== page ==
lemonade standIn an effort to join other great economic failures, newspapers have increased their prices as the demand for their product has declined.  For you non-econ majors, this is the exact opposite of what is supposed to happen.  Think about it: less people want to buy lemonade at your lemonade stand because it doesn’t taste that good. Crystal Light, really? Plus, Newman’s Own makes a pretty tasty virgin lemonade and it is probably bacteria free unlike your cardboard contraption by the side of the highway.  Anyway, sales are declining at your stand, increased competition from modern alternatives (darn philanthropists) and due to the lack of demand for your product and the increasing costs (your 8 year old heard about the minimum wage increase and wants $11 an hour now!) you decide to raise prices.  More expensive bad lemonade does not attract more buyers.

What does this have to do with your job ad?  Well, newspapers have fewer readers now and that means they sell fewer papers and more importantly they sell fewer ads.  As a counter measure they have raised their rates.  I don’t know about you, but I call that decreasing value.

So you wake up one morning, still sad that one of your favorite employees has left your company (your 8 year old is now working at Newman’s Own), but equally excited to have a new person join your team.  But where will you find them?  Well everyone knows the first thing you do is write an ad and send it to the newspaper…right?  Except then you learn the paper wants $200 per day if you actually want your ad large enough to fit some text.  And of course they recommend running it for at least a week to get the best chance of being seen.  “Why so expensive?” you wonder.

I actually had a newspaper tell me not too long ago that they would not allow abbreviations in their ads.  For instance I could not put $12.00/hr I had to put $12.00 per hour.  Why?  Well you are paying for space and they want you to use as much space as possible.  But I am getting off track.

So you complete your glorious ad and set aside your $1,000 (sorry honey no Disney this year, gotta pay the man).  A week goes by and you are hearing crickets.  A few resumes roll in but you wonder if they even read your ad because they seem largely unqualified and strangely unaware of that fact.  Then a few angry letters and emails: “Why haven’t I heard from you?  I applied for your job I saw in the paper and sent you a resume and you didn’t even have the decency to respond to me!  I have a family and bills to pay and people like you don’t know how to treat fellow citizens.”  Ouch.  “I was excited about this new opening and was trying to put a silver lining on it”, you think to yourself.  Now you are $1,000 poorer, your kids didn’t have any fun on the trip to the town beach (maybe Disney next year), and you have upset some unknown citizens who are now boycotting your company.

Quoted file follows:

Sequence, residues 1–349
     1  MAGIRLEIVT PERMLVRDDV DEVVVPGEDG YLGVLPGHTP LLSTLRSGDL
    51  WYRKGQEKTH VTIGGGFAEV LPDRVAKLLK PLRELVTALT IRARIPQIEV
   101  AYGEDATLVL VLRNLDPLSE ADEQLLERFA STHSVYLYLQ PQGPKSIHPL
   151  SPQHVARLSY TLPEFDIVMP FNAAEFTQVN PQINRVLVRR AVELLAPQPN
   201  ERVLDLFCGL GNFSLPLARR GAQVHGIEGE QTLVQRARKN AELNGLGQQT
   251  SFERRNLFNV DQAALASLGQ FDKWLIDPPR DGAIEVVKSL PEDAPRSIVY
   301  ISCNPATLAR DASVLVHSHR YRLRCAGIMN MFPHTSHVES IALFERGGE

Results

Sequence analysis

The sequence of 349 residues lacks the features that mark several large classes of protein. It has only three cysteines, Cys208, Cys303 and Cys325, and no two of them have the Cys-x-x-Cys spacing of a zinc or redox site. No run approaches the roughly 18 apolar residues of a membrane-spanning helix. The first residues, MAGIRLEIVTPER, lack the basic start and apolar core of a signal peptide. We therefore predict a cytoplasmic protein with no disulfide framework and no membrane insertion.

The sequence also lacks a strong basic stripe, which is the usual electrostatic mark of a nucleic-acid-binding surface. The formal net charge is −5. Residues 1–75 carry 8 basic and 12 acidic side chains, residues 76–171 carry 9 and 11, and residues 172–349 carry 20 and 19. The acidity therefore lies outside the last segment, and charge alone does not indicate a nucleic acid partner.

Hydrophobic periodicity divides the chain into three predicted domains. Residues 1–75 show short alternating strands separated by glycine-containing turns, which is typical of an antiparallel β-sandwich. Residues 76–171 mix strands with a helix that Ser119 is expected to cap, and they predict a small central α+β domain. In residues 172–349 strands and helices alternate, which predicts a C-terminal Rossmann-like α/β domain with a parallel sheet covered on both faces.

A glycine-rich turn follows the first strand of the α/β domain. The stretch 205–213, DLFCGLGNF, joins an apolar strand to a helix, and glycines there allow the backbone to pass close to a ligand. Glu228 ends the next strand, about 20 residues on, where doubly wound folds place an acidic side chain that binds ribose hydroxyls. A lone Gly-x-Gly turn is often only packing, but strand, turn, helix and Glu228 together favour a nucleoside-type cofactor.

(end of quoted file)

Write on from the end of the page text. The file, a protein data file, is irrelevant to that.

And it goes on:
Save your money. Network your job with everyone you know and meet.  Jump on sites like Facebook and LinkedIn and talk about all of the great aspects of working for your business.   I don’t know a single job seeker who only looks in the paper when hunting for jobs.  Sure they look in the paper, but they also talk to their friends and relatives, they go on sites like Indeed.com and SimplyHired.com.  Our site at Masiello Employment receives over 10,000 visits a month from job seekers.   And if you need help with this strategy give me a call, I would be happy to help, free of charge.  Of course if no one takes me up on this free offer I will have to start charging a fee.  I do have bills to pay!